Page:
The classic Masking Tape by the Japanese manufacturer Kamoi Kakoshi was originally used in Latin-American lacquering workshops to avoid that determinate parts get coloured. Along the time, fans of the simple tape out of rice-paper developed new usage possibilities and started using the Masking Tape as decoration items.
The Masking Tape history starts in 1923: The company Kamoi Kokashi is founded. The Japanese manufacturer specialized on the manufacturing of masking tape out of traditional “Japan paper” – a paper which is handmade out of Asian shrubs. Since the natural paper possesses excellent qualities (it is able to be removed without leaving any traces), Kamoi Kokashi fast became a popular deliverer of masking tape. Originally the tape was especially used in lacquering workshops: facades, cars and furniture were perfectly worked with the Japan paper by Kokashi. The Japanese company lived a lot of successful decades with their expertise in the manufacturing and processing of the masking tape.
In summer of 2006 the Japanese manufacturer Kamoi Kakoshi received a notice of enthusiasts of the filigree tape: They used the tape for decorative purposes in connection with the design of a book and wanted to make a tour through the tape factory. Shortly afterwards Kamoi received an edition of the book “Little press” which was designed with Masking Tapes.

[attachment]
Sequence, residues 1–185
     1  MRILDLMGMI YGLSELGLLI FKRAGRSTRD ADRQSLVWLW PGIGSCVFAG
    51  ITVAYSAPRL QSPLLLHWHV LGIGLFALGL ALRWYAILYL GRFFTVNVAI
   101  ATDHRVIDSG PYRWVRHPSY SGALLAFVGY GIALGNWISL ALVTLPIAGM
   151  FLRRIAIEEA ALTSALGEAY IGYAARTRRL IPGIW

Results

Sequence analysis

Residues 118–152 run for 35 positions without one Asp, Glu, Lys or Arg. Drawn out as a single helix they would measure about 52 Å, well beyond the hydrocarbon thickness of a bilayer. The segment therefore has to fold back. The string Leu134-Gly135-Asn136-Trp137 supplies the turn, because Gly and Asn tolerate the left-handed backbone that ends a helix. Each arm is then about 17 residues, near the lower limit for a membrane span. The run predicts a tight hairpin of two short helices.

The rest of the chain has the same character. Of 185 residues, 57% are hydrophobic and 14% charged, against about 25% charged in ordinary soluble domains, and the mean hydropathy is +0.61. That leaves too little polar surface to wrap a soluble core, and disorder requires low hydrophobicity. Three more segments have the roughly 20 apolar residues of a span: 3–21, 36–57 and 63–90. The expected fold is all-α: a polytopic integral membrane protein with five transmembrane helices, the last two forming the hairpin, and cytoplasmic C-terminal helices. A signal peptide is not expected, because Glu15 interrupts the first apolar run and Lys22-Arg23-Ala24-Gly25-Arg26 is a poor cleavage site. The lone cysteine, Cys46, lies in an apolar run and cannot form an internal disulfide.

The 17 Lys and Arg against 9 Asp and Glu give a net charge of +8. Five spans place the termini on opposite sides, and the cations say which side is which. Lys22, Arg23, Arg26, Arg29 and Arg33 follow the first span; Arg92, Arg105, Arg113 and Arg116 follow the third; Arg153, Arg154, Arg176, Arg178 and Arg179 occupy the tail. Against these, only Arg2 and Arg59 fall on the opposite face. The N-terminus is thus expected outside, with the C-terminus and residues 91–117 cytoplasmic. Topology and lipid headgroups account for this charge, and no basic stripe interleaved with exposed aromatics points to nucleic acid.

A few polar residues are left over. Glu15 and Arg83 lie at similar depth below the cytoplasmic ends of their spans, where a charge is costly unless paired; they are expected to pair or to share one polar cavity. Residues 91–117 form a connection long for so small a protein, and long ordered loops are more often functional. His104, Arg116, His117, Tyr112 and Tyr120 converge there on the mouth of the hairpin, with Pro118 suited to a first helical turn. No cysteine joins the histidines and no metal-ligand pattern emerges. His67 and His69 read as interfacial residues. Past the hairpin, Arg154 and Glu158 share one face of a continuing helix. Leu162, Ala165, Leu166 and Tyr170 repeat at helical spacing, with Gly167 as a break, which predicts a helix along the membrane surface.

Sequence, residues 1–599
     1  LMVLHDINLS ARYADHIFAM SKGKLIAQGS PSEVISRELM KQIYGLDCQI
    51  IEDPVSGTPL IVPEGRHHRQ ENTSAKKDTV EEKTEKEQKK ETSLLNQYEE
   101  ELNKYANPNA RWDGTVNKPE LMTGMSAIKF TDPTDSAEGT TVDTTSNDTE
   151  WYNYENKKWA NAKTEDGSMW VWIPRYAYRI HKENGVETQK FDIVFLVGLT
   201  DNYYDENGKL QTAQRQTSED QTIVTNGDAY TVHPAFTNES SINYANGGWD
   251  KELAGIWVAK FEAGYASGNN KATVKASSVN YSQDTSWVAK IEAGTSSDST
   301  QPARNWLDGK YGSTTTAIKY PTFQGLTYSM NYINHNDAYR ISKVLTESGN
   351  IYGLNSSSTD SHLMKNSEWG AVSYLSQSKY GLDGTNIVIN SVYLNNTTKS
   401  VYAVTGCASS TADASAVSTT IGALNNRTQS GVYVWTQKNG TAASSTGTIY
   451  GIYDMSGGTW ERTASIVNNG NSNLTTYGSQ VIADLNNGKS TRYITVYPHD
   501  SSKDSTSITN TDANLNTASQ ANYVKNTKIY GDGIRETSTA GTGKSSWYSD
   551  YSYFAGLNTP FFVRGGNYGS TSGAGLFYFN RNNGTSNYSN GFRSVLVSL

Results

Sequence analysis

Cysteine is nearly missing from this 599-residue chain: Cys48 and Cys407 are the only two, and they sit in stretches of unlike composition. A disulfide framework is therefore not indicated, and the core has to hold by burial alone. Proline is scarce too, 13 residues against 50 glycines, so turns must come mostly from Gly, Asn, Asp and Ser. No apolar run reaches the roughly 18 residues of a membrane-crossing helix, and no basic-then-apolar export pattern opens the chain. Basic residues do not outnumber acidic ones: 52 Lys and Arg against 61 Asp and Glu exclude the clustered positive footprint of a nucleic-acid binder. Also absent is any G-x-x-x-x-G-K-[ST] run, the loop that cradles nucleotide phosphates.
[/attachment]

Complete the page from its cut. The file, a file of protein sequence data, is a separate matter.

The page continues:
The designers of the book soon came to visit the factory of the Masking Tapes and asked the manufacturers to produce more colours. The rest is history: at first 20 different clear and elegant colour variations were launched, they perfectly fulfilled the qualities of the filigree rice-paper. Meanwhile Masking Tape is available in numerous further colours and with the most different motives and patterns.
To use the tapes for decorative purposes finally made Masking Tape famous further than Japan’s borders: The manufacturer was meanwhile on renowned furniture fairs in Europe. The Kamoi Museum opened in an ancient factory in the Japan province Okayama in 2012. Many expositions, in other cities such as Tokyo, Kyoto, Seoul or Bangkok made Masking Tape famous further along of insiders’ circles. Kamoi presented new ideas of the tape on the “mt Expo” in Shibuya by means of converting the Masking Tape into the integral part of the architecture covering walls and furniture.
This is how more and more private people recognize: The Masking Tape offers numerous usage possibilities with its soft colours and the characteristics of the filigree rice paper. It doen’t leave any traces when it is removed, one can write on it, fill it with further stickers, cover gifts with it and also use it to stick notices at the fridge.
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